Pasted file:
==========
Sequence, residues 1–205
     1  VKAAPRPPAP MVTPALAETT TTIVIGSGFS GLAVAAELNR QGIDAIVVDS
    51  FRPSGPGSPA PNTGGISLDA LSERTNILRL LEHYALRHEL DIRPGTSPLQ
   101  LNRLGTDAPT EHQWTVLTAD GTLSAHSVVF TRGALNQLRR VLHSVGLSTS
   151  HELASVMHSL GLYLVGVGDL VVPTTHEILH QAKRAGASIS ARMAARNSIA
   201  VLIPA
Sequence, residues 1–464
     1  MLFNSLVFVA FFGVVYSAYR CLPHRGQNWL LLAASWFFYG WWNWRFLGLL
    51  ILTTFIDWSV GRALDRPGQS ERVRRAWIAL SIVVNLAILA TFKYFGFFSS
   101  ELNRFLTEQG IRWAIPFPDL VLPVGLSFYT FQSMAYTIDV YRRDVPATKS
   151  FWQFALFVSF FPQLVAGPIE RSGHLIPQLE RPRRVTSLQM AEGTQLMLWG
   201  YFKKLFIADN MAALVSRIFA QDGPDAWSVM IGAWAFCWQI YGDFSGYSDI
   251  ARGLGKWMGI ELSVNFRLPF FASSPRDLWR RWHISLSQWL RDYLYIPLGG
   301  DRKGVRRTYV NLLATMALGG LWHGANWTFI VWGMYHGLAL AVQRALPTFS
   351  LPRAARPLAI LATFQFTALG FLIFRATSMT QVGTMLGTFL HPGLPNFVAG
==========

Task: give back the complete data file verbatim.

Sequence, residues 1–205
     1  VKAAPRPPAP MVTPALAETT TTIVIGSGFS GLAVAAELNR QGIDAIVVDS
    51  FRPSGPGSPA PNTGGISLDA LSERTNILRL LEHYALRHEL DIRPGTSPLQ
   101  LNRLGTDAPT EHQWTVLTAD GTLSAHSVVF TRGALNQLRR VLHSVGLSTS
   151  HELASVMHSL GLYLVGVGDL VVPTTHEILH QAKRAGASIS ARMAARNSIA
   201  VLIPA
Sequence, residues 1–464
     1  MLFNSLVFVA FFGVVYSAYR CLPHRGQNWL LLAASWFFYG WWNWRFLGLL
    51  ILTTFIDWSV GRALDRPGQS ERVRRAWIAL SIVVNLAILA TFKYFGFFSS
   101  ELNRFLTEQG IRWAIPFPDL VLPVGLSFYT FQSMAYTIDV YRRDVPATKS
   151  FWQFALFVSF FPQLVAGPIE RSGHLIPQLE RPRRVTSLQM AEGTQLMLWG
   201  YFKKLFIADN MAALVSRIFA QDGPDAWSVM IGAWAFCWQI YGDFSGYSDI
   251  ARGLGKWMGI ELSVNFRLPF FASSPRDLWR RWHISLSQWL RDYLYIPLGG
   301  DRKGVRRTYV NLLATMALGG LWHGANWTFI VWGMYHGLAL AVQRALPTFS
   351  LPRAARPLAI LATFQFTALG FLIFRATSMT QVGTMLGTFL HPGLPNFVAG